A petition asking the White House to rescind a government ruling restricting consumers from unlocking their cell phones crossed the 100,000-signature threshold Thursday, meaning the Obama administration will need to formally respond to the petition.
The petition, started Jan. 25 by OpenSignal co-founder Sina Khanifar, asked that "the White House ask the Librarian of Congress to rescind this decision, and failing that, champion a bill that makes unlocking permanently legal."
Currently, if U.S. mobile customers want to unlock their handset and bring it to another carrier, they now need express permission from their current carrier to do so, according to a government ruling that went into effect Jan. 26.
The ruling, from the Library of Congress, concerns the Digital Millennium Copyright Act, and was issued last October. In effect, the Library of Congress, which governs copyright law, said that there is no copyright exemption for unlocking cellphones, making unauthorized unlocking potentially illegal. "Consumers will be forced to pay exorbitant roaming fees to make calls while traveling abroad," the petition states. "It reduces consumer choice, and decreases the resale value of devices that consumers have paid for in full."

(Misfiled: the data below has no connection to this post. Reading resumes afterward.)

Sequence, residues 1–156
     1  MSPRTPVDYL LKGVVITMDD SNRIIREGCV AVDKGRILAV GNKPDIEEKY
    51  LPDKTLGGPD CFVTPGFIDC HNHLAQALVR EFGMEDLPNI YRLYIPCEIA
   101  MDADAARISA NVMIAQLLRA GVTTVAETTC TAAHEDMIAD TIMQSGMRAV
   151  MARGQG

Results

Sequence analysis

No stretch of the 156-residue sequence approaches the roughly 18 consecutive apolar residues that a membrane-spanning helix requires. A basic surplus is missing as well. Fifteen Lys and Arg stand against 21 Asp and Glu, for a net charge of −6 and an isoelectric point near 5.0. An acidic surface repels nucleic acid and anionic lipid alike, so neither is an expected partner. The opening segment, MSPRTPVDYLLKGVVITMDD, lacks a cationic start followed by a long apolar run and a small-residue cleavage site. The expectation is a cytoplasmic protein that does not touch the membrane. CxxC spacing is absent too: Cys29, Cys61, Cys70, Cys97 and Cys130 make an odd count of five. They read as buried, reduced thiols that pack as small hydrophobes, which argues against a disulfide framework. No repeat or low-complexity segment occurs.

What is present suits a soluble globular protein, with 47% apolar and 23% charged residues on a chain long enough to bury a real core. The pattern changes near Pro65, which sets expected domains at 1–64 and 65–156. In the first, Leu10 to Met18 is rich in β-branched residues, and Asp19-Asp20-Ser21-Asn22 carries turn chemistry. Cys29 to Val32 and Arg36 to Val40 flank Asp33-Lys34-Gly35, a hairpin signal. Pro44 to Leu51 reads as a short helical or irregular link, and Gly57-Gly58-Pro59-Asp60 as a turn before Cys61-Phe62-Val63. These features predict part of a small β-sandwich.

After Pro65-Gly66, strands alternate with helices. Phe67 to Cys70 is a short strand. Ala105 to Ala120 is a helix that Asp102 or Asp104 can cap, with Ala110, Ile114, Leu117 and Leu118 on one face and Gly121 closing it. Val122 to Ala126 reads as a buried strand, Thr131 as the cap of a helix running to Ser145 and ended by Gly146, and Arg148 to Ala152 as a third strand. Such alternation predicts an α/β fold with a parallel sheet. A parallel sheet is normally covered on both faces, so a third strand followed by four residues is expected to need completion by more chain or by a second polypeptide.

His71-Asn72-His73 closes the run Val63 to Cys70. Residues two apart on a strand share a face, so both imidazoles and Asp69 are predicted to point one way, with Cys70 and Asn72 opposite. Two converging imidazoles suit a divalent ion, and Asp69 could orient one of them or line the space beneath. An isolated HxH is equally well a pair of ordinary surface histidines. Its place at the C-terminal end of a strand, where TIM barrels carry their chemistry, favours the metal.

However, as CNET notes, the petition is somewhat symbolic since the Library of Congress and the U.S. Copyright Office are part of the legislative branch, not the executive branch. Therefore, Congress would need to pass a law overturning the decision since Obama cannot force the Library of Congress to do so.
CTIA has pushed for the new rules, in part because it protects wireless carriers that pay to subsidize handsets in exchange for customers agreeing to two-year contracts. "According to the Librarian of Congress, who agreed with CTIA, the exemption for unlocking was not necessary because 'the largest nationwide carriers have liberal, publicly available unlocking policies,' and because unlocked phones are 'freely available from third party providers--many at low prices,'" CTIA wrote in a blog post last month.
Many unlocked devices in the United States are sold unsubsidized by handset makers and retailers, and are often hundreds of dollars more expensive than subsidized versions. Some carriers offer unlocked phones and can unlock phones if customers request it.
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